As the Russia-Ukraine war continues, numerous threat actors, including APTs, are seeking to take advantage of the situation. Cyberespionage actors have found Russian firms to be a profitable target. A state-sponsored APT organisation was discovered eavesdropping on Russian companies.
Getting into the weeds
Twisted Panda was a targeted assault that spied on at least two Russian defence research organisations as well as an unknown target in Belarus.
The assaults were carried out using social engineering methods that claimed the US was distributing a biological weapon.
Defense research institutions affiliated with Rostec Corporation, Russia’s largest holding corporation in the radio-electronics industry, are among the casualties.
Why is this significant?
This cyberespionage campaign, according to Check Point, has been continuing since at least June 2021, with the most recent activity occurring in April 2022.
Stone Panda (APT10) and Mustang Panda, both skilled and experienced threat actors, have been blamed for the campaign.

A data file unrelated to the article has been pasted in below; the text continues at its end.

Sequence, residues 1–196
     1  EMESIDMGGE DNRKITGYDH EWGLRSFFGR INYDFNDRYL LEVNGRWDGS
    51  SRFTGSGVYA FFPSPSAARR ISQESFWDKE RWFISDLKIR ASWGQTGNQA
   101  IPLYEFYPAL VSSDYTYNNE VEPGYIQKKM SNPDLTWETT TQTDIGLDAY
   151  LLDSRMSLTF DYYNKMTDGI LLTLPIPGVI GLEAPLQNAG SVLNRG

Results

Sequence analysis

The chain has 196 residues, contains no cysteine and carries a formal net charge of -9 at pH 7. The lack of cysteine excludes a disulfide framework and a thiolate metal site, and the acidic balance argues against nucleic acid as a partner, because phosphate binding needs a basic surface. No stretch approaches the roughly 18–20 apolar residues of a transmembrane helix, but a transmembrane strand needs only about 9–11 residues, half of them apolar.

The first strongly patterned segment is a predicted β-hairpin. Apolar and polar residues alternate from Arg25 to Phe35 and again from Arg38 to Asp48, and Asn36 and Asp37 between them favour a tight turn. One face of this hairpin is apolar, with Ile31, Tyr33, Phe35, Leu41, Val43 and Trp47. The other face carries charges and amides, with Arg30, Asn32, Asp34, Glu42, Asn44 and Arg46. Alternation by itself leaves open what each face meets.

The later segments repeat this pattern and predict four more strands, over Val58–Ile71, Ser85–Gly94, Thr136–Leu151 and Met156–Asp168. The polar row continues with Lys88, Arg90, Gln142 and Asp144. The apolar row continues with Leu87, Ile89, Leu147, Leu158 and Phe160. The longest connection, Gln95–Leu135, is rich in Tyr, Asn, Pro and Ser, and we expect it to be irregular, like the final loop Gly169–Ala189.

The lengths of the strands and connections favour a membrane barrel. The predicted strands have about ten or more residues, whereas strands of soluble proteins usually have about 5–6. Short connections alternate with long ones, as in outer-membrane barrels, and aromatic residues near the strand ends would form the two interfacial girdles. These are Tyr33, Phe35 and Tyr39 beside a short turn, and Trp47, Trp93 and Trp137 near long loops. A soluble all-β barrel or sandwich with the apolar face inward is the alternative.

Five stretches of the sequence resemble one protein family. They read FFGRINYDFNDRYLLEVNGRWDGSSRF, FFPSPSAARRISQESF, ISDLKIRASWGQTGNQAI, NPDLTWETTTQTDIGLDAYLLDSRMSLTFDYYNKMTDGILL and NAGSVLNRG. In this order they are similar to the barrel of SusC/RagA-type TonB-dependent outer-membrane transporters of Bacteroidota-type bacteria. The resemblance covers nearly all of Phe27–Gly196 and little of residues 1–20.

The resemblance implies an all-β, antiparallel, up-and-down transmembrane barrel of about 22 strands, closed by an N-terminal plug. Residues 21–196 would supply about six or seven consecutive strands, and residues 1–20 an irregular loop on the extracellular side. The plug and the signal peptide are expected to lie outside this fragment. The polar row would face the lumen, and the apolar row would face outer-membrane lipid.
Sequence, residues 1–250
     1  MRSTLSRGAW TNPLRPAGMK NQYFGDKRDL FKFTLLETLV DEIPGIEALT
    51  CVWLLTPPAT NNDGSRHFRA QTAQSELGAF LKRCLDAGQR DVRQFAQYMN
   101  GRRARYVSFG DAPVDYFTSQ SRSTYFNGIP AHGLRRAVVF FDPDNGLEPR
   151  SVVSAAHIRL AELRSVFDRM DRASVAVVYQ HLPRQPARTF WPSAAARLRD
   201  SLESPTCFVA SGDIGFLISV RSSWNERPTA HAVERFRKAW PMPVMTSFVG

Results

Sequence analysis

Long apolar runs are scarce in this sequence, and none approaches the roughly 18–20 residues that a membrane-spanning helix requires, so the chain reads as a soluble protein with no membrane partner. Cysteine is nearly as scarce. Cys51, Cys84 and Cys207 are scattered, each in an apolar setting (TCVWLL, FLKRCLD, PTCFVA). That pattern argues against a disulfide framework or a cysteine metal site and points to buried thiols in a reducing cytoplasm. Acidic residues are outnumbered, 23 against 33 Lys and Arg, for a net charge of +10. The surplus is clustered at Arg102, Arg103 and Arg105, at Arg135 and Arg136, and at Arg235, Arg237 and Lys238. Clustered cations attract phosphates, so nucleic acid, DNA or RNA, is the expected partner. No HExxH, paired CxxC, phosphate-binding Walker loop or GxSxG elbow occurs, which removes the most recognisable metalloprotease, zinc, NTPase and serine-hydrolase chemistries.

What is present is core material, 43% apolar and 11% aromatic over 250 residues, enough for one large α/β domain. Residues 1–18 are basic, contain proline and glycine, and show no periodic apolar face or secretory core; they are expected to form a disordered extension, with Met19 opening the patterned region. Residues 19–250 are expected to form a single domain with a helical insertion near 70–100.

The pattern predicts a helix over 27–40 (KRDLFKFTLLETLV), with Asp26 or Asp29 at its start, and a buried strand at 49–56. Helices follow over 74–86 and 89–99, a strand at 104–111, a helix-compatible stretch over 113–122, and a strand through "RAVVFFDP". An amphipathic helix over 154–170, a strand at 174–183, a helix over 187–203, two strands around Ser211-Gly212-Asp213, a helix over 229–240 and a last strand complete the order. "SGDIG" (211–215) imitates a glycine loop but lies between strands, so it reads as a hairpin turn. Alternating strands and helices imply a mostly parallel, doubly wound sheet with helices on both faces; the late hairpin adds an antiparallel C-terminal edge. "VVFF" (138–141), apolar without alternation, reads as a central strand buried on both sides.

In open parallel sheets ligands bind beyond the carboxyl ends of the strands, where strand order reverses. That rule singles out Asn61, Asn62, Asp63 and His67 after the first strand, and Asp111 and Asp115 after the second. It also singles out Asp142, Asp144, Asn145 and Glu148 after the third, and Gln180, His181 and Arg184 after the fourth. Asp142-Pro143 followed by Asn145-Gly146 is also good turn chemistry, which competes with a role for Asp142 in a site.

The attacker used previously unknown tools such as Spinner, a multi-layered loader and backdoor. Since March of last year, the tools have been in active development and are capable of advanced anti-analysis and evasion strategies.
It hides the programme flow by flattening the control flow.
Despite its complex code structure, Spinner is only used to list infected hosts and run payloads downloaded from a remote server.
Researchers uncovered an older strain of the implant based on the executables’ compilation timestamps, hinting that the campaign had been operating for some time.
Anti-reverse engineering techniques are not used in the earlier Spinner model. It could, however, list and alter files, perform OS commands, download payloads at will, and steal vital data, all of which are removed from the latest version.
According to research, threat actors significantly enhanced the infection chain in just a year, making it more complex. The campaign’s functions have been broken up into several pieces, making it impossible to notice or assess each stage. All of this suggests that the threat actors are committed to attaining their objectives of stealing important data. Chinese cyberespionage actors are quick to respond to real-world events and use the most appropriate lures to increase their chances of success.